One third of the films screened at TIFF this year were directed by women. Jacir is becoming a prominent representative of the Palestinian diaspora, and Erika Cohn (In Football We Trust) has joined the truth-tellers with her throughly enlightening film. The third film at TIFF to address Palestinian issues is an amazing and revealing documentary that explores a subject few in the West fully understand. The Judge follows the everyday activities of the only woman Shari’a judge in the entire Arab world! Kholoud Al-Faqih is a brilliant, lovable and soft spoken Palestinian woman with a progressive loving lawyer husband. Her father played a significant role in her profession also, surely a revolutionary minded defender of women’s rights. Not only are viewers given the rare opportunity to witness the Shari’a legal system in action but also a chance to experience how women are treated in Arab countries. Her court deals only with family matters, divorce and inheritance, and her personal and fair-minded approach to her clients is a rare thing to see. Of course everything can’t go smoothly and there is one conservative Koran expert who didn’t like her being a judge and forced her to be removed from hearing cases. But she eventually returned to the job she loved when a new superior judge came in.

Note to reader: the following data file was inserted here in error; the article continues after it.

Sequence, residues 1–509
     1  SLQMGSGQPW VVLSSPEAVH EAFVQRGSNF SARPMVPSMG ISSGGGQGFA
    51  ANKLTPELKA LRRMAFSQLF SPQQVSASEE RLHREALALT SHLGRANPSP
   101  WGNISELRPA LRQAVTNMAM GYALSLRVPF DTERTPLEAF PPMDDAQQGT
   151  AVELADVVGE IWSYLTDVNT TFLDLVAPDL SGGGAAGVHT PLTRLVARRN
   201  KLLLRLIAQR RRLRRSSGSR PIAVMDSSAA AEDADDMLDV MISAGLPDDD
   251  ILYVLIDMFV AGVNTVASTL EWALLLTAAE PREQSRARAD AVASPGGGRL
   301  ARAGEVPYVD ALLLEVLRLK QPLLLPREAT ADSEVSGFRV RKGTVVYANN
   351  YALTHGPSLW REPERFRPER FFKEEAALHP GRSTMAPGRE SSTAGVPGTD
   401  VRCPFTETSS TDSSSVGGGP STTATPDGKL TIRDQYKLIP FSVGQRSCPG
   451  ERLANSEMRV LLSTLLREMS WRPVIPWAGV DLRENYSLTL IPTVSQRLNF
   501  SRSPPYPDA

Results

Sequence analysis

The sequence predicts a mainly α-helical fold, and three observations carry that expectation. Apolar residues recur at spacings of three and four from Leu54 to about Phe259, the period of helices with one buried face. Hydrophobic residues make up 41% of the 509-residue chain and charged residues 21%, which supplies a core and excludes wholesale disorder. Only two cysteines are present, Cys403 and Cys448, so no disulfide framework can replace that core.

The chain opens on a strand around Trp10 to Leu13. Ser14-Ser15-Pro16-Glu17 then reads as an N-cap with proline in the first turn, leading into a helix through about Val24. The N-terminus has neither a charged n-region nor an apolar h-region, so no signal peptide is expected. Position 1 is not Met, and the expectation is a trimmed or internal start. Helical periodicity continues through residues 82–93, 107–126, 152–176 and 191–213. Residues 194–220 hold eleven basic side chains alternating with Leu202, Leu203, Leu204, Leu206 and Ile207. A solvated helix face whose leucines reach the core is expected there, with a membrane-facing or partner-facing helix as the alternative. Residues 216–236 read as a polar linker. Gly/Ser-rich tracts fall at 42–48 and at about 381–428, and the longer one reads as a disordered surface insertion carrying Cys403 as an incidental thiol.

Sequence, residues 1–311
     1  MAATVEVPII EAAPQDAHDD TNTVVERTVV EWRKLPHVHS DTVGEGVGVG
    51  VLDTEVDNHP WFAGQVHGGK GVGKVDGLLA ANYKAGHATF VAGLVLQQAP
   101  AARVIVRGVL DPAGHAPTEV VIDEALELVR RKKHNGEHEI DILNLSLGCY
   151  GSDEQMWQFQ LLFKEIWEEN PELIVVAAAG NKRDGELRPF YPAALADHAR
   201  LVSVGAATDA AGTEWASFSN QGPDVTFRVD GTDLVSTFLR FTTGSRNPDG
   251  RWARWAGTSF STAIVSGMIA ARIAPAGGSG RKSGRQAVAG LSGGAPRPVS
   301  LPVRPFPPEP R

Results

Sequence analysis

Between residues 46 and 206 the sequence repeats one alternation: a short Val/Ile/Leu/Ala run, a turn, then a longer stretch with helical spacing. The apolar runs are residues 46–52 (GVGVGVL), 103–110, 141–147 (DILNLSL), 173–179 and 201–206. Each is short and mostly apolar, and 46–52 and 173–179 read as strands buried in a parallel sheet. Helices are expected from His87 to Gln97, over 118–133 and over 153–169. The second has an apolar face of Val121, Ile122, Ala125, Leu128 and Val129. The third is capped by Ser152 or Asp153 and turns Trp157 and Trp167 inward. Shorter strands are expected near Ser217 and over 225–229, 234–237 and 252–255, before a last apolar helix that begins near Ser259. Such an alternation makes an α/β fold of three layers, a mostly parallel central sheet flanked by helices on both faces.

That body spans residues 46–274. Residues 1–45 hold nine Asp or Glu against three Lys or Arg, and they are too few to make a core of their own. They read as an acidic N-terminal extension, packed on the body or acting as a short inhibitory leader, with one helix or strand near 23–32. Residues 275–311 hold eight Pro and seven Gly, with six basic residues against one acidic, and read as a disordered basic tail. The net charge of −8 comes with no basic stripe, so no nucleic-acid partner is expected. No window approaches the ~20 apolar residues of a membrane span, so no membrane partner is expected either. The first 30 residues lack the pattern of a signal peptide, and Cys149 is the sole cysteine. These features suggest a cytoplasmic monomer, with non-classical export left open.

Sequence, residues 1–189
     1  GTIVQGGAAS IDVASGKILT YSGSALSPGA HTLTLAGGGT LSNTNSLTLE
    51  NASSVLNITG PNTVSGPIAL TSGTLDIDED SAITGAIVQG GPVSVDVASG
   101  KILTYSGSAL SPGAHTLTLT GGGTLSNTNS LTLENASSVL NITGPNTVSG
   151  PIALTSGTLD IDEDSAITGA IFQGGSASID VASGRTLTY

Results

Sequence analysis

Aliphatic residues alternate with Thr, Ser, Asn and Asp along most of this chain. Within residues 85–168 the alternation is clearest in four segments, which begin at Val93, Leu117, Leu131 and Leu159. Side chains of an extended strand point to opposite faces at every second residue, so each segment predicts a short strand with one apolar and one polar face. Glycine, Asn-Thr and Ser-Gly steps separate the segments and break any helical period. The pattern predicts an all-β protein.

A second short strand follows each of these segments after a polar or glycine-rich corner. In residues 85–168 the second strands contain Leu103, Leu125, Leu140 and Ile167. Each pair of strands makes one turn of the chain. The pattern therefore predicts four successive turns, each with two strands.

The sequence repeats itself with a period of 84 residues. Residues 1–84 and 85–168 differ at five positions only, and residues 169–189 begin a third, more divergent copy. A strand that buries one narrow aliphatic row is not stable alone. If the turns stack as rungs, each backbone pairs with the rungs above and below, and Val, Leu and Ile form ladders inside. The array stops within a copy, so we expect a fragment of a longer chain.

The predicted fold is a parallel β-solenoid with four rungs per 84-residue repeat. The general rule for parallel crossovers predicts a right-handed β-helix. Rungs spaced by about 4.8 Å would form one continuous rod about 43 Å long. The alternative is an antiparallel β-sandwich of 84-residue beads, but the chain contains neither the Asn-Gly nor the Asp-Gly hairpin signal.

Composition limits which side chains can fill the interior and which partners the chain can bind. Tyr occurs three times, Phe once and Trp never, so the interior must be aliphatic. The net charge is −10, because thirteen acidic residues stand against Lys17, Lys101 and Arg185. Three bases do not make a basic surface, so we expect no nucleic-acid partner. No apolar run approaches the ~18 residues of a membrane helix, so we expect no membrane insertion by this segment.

Al-Faqih’s surprise appearance at the screening in Toronto brought the audience to their feet with applause. She spoke graciously about TIFF and the adoring audience. “We belong to a family who were replaced in 1948. Our life is all about struggle, especially after the Israeli Occupation. I belong to a family of 12 siblings. We all got our university degrees. Always been encouraged by our parents. Our parents are not educated but care about it and consider it a weapon how we fight the world.” Addressing a question from the audience, she explained that non-Muslims also go to Sharia court for inheritance. A mosque is a public place where all can go to. It has nothing to do with worship. She added that Christian people have their own courts that follow their religion. There is cooperation between them, especially in regards to inheritance. She also noted that Palestine is well known for being a tolerant place regarding religion. Another question from the totally engrossed audience was “Does the Occupation interfere with your life and work?
Her reply, “it’s not a direct intervention but its a challenge to work and live on the land of Palestine. Sometimes the barriers do not allow us to reach our clients or schools. We have to change to routes that take much longer.” Plus she mentioned that there are different legal systems in the east and West Bank and Gaza which complicates matters, and disproportionally affects women. The film is scheduled for release on PBS next fall but hopefully will be available elsewhere before then.
[Bill Meyer is a musician, writer and producer of progressive multimedia events. He travels worldwide performing jazz with several groups. A longtime political activist and aficionado of progressive cinema, Meyer usually writes on the culture pages of the People's World and other journals, and primarily reports on film festivals.]